PM Justin Trudeau says his government will move forward with a carbon pricing plan despite opposition from many provinces, and says all citizens will get a rebate 1:52

(The Liberal government maintained the same targets set by the former Conservative government: 17 per cent below 2005 levels by 2020 and 30 per cent below by 2030.)

The government projects the pricing plan will reduce carbon pollution by 50 million to 60 million tonnes by 2022  — the
equivalent of taking 12 million cars off the road or closing 14 coal plants.

However, the government has conceded a carbon price alone won’t be enough to meet those targets.

The national climate plan also includes other measures to battle climate change, including new building codes to boost energy efficiency, more charging stations for electric cars, expanding clean electricity sources and upgrading power grids.

Watch the Power Panel tackle the imposed carbon tax below

Francoise, Evan, Supriya and Dan discuss Trudeau’s move to impose a carbon tax on certain provinces. 12:27

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Top 5 Analytics Trends That Are Shaping The Future

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Digital transformation is increasingly becoming the focus for many CIOs around the world today—with analytics playing a fundamental role in driving the future of the digital economy.

While data is important to every business, it is necessary for businesses to have a firm grip on data analytics to allow them transform raw pieces of data into important insights. However, unlike the current trends in business intelligence—which is centred around data visualization—the future of data analytics would encompass a more contextual experience.

“The known data analytics development cycle is described in stages: from descriptive (what happened) to diagnostic (why did it happen), to discovery (what can we learn from it), to predictive (what is likely to happen), and, finally, to prescriptive analytics (what action is the best to take),” said Maurice op het Veld is a partner at KPMG Advisory in a report.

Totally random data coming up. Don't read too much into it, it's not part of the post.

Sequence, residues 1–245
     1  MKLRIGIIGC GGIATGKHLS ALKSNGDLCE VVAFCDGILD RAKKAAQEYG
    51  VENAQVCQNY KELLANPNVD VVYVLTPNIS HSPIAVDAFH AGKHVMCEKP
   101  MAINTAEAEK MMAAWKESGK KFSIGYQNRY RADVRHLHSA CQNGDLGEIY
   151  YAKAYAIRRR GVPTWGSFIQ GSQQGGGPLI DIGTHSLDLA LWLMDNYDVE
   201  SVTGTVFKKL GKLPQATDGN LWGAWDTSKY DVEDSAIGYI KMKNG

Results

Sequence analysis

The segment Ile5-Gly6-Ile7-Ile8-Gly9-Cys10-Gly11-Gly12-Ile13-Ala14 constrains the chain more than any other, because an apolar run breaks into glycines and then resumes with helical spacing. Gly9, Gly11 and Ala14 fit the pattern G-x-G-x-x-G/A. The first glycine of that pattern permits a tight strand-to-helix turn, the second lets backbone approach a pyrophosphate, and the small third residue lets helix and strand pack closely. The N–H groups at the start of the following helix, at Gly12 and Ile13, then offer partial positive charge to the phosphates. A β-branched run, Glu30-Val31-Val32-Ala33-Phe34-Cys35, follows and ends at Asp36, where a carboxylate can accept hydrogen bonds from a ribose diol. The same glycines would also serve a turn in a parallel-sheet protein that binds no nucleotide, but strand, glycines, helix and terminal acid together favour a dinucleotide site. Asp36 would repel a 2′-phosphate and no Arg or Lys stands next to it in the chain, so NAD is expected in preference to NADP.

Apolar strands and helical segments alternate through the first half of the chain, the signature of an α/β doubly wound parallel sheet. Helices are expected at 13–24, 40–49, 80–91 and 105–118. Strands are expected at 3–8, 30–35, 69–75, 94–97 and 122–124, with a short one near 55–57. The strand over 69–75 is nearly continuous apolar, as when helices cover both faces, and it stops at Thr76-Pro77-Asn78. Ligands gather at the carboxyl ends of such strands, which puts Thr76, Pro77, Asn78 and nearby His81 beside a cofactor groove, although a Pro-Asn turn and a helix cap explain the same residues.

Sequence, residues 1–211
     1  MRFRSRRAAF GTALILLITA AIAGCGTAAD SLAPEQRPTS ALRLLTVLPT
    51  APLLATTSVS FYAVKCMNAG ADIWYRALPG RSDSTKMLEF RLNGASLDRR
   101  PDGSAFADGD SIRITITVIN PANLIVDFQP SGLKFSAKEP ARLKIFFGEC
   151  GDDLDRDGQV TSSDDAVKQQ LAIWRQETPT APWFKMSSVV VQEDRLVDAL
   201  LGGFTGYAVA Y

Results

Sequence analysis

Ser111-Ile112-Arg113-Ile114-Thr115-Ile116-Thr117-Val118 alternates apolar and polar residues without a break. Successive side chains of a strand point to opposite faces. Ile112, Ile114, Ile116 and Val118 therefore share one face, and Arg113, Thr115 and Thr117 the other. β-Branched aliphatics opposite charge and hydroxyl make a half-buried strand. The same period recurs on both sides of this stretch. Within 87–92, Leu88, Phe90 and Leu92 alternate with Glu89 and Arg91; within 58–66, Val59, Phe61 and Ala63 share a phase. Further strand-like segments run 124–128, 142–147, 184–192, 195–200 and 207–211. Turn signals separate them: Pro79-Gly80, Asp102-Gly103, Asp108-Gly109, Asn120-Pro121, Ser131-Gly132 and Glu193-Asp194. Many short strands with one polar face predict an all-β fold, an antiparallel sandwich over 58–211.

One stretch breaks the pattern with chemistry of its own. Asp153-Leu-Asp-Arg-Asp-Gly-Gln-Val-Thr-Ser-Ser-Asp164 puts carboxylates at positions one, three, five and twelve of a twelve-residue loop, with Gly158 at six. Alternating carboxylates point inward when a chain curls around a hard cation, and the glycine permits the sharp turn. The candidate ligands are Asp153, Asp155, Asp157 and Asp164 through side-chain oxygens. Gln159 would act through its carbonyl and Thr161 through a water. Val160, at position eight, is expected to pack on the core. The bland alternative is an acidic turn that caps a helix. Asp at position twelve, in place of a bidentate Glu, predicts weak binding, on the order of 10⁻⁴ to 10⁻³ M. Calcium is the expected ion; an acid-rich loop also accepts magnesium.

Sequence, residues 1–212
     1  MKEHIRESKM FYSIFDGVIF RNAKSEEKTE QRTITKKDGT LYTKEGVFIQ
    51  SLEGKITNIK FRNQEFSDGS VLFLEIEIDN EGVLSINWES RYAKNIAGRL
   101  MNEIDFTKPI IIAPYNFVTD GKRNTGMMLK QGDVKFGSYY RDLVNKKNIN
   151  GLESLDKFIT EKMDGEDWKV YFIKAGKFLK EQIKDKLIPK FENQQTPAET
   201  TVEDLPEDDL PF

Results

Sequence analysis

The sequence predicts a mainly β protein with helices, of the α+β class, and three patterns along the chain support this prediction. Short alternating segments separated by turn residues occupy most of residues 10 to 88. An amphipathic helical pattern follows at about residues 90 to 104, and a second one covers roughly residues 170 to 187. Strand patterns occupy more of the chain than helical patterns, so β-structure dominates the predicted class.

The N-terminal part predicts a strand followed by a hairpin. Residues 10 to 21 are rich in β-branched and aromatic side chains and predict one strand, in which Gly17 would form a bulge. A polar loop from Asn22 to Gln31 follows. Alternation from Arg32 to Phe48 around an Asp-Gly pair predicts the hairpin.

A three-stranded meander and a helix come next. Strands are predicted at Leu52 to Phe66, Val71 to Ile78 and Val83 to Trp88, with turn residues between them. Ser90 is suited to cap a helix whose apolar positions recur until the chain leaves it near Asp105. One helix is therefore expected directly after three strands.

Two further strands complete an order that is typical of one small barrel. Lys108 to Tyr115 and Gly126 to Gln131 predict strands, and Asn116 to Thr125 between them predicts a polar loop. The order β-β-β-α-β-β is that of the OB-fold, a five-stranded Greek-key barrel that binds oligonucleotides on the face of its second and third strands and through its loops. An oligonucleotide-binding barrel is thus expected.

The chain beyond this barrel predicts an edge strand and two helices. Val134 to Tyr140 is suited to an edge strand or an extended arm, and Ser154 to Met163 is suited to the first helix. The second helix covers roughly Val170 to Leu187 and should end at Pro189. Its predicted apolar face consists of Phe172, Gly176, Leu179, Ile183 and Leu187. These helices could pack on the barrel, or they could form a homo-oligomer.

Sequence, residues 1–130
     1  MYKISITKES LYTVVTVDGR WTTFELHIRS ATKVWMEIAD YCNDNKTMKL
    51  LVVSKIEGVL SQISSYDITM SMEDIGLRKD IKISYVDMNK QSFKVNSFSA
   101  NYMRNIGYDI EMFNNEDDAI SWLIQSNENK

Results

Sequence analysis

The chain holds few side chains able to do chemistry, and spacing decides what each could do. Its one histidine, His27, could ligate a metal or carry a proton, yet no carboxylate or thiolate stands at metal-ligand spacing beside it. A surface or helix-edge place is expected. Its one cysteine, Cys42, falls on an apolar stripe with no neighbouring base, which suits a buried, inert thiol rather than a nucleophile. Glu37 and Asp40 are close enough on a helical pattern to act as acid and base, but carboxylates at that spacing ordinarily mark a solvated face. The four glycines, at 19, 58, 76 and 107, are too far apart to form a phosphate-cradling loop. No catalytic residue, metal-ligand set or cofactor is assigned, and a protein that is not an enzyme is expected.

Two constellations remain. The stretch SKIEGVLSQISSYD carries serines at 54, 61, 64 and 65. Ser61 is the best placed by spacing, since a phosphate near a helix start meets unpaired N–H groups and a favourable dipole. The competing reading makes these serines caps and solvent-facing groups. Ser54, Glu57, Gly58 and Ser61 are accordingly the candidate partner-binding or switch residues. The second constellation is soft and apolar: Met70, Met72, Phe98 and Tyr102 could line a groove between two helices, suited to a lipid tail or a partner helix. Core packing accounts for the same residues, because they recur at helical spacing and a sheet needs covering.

“Another way of looking at this is that data analytics initially “supported” the decision-making process but is now enabling “better” decisions than we can make on our own.”

Here are some of the current trends that arealready shaping the future of data analytics in individuals and businesses.

  1. Growth in mobile devices

With the number of mobile devices expanding to include watches, digital personal assistants, smartphones, smart glasses, in-car displays, to even video gaming systems, the final consumption plays a key role on the level of impact analytics can deliver.

Previously, most information consumers accessed were on a computer with sufficient room to view tables, charts and graphs filled with data, now, most consumers require information delivered in a format well optimized for whatever device they are currently viewing it on.

Therefore, the content must be personalized to fit the features of the user’s device and not just the user alone.

  1. Continuous Analytics

More and more businesses are relying on the Internet of Things (IoT) and their respective streaming data—which in turn shortens the time it takes to capture, analyze and react to the information gathered. Therefore, while analytics programspreviously were termed successful when results were delivered within days or weeks of processing, the future of analytics is bound to drastically reduce this benchmark to hours, minutes, seconds—and even milliseconds.

“All devices will be connected and exchange data within the “Internet of Things” and deliver enormous sets of data. Sensor data like location, weather, health, error messages, machine data, etc. will enable diagnostic and predictive analytics capabilities,” noted Maurice.